(critical speed) problems. Phase is not used in everyday vibration measurements or monitoring. Phase of
vibration is recorded using a stroboscope or infrared tachometer in conjunction with a vibration analyzer
instrument. New technology and software is being used to add phase analysis to the final evaluation and

Most common causes for bearing deterioration or complete machinery

breakdowns - based on 35 years of experience
1) Improper installation. Bearings must be properly installed and aligned in three directions using machinist
levels and other precision tools to maximize the lifespan and control vibrations. In electric motors the bell
housing and shaft fit is critical. Bearings must be locked correctly to the shaft (concentric lock collars or locking
adaptor nuts/rings). Shafts must also be within tolerances (not under or oversized) and no damage where the
bearing is located. New bearings should never be installed into old/worn blocks. Always replace the entire kit.
There is an industry saying = .0005 / .0125 mm under size can kill the bearing lifespan. In motor applications
both bearing inner races must be heated to exactly 110C to expand and then shrink fit to shaft journal for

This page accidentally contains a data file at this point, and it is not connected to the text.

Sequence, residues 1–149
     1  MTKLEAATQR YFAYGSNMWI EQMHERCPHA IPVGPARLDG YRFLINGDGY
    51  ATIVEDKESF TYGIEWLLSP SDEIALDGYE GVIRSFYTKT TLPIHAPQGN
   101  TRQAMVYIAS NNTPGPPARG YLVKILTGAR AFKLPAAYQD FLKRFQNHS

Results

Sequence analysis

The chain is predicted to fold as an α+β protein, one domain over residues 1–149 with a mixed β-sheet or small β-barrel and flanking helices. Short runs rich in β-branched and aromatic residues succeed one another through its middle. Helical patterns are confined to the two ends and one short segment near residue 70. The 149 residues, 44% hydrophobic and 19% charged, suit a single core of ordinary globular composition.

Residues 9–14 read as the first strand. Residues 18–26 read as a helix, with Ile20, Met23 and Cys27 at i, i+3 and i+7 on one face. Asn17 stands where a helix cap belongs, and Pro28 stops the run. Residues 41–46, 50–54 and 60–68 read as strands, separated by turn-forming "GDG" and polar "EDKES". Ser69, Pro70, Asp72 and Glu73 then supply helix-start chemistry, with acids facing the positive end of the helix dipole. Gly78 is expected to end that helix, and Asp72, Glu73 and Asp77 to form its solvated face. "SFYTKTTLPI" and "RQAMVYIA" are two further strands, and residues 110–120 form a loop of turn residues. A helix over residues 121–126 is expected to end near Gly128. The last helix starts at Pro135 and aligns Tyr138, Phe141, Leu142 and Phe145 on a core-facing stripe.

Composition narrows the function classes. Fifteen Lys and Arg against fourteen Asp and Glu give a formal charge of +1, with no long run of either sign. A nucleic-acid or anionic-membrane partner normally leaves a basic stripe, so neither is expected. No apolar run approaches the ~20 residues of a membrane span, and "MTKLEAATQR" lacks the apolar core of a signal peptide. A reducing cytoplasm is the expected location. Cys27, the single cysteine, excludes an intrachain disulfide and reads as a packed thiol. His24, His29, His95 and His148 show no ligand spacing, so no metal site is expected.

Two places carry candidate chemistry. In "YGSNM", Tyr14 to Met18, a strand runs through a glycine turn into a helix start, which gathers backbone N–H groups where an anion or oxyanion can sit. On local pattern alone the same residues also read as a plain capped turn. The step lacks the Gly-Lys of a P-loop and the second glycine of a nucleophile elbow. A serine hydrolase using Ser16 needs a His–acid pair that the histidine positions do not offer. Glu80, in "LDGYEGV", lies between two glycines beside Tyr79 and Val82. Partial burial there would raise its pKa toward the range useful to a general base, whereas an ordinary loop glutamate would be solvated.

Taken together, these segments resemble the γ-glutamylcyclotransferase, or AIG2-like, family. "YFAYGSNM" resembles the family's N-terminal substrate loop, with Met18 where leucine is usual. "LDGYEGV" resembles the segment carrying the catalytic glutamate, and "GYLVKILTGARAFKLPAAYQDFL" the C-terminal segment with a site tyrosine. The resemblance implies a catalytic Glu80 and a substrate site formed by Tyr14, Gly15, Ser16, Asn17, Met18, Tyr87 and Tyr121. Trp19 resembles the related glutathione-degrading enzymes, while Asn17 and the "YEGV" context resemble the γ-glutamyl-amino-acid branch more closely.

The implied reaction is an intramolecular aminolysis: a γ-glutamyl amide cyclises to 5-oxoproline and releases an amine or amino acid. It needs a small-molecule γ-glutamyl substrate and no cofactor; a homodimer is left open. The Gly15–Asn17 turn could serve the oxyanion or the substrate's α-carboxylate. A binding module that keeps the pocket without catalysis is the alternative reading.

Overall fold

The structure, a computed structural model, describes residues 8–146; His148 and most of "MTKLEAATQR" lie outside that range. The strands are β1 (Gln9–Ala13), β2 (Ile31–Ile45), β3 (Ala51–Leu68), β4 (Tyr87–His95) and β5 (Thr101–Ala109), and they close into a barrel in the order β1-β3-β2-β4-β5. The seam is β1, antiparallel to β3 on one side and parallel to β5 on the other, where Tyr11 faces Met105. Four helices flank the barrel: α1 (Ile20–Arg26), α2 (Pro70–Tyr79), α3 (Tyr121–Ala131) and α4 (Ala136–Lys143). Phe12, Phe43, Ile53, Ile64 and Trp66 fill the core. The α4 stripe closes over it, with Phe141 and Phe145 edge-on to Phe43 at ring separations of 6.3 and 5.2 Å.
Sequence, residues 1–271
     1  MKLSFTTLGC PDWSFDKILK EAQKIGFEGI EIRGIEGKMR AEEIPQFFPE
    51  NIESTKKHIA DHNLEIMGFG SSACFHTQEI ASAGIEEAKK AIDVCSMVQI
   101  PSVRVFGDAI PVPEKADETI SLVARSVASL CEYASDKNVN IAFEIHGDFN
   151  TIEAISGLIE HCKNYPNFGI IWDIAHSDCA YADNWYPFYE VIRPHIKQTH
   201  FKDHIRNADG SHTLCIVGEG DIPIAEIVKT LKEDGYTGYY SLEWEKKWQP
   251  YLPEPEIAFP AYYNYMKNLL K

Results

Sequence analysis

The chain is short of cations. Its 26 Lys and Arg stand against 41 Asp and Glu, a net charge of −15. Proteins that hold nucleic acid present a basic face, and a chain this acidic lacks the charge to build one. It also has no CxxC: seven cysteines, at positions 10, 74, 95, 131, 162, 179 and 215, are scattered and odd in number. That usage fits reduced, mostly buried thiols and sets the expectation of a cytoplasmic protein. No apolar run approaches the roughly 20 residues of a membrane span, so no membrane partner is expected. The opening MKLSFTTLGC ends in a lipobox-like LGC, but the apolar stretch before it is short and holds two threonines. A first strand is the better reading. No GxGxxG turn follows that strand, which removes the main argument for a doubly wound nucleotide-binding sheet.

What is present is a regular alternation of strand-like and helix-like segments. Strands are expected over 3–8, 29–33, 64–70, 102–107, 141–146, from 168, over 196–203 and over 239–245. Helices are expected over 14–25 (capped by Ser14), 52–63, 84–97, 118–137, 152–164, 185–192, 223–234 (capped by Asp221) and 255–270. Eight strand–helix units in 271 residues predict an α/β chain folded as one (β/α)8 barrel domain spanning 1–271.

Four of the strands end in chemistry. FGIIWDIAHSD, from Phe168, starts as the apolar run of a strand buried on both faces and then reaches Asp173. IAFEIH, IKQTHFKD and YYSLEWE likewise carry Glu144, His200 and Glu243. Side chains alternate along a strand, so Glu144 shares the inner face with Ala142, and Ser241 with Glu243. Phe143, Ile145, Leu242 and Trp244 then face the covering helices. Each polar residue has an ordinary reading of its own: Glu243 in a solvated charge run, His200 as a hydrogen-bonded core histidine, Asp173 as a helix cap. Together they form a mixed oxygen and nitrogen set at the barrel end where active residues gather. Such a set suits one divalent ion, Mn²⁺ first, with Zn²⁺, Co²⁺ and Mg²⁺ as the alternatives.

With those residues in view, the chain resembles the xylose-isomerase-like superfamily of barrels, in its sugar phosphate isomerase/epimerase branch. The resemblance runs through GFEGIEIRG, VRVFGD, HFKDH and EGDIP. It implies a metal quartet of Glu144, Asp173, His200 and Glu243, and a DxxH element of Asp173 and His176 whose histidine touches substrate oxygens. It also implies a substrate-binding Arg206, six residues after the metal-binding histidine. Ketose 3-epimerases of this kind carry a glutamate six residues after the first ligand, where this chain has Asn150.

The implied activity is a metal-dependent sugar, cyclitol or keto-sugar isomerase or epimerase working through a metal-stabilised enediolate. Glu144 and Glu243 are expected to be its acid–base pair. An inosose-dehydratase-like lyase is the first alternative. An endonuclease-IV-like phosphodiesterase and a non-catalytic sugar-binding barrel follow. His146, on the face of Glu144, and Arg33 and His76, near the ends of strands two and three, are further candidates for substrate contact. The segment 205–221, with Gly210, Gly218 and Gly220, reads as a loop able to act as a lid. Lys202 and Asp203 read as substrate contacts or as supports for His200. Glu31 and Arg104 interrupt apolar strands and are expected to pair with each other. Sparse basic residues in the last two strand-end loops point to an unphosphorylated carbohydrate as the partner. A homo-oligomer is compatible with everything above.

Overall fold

perfect hold. Make sure to clean the motor shaft bearing journals or shoulders of any burrs with a fine file and
use emery cloth to smooth surface of all roughness before installation of the heated bearing.

2) Misalignment of drives. Accurate alignment is very important to reduce vibration and prolong good condition
of various parts. Check coupling manufacturers specifications and comply using double dial gauges or laser
alignment. Remove belt guards during belt tensioning and check with level, straight edge or laser to insure
pulleys are within tolerances at all times.

3) Belts too tight and/or too loose. Proper tension should be maintained at all times. Defective belts should be
replaced as soon as possible. Retrofit to better drive system if necessary. Check for serious wear inside pulley

4) Improper lubrication. Too much or not enough grease. Most good quality grease EP 1.5 EP 2 on the market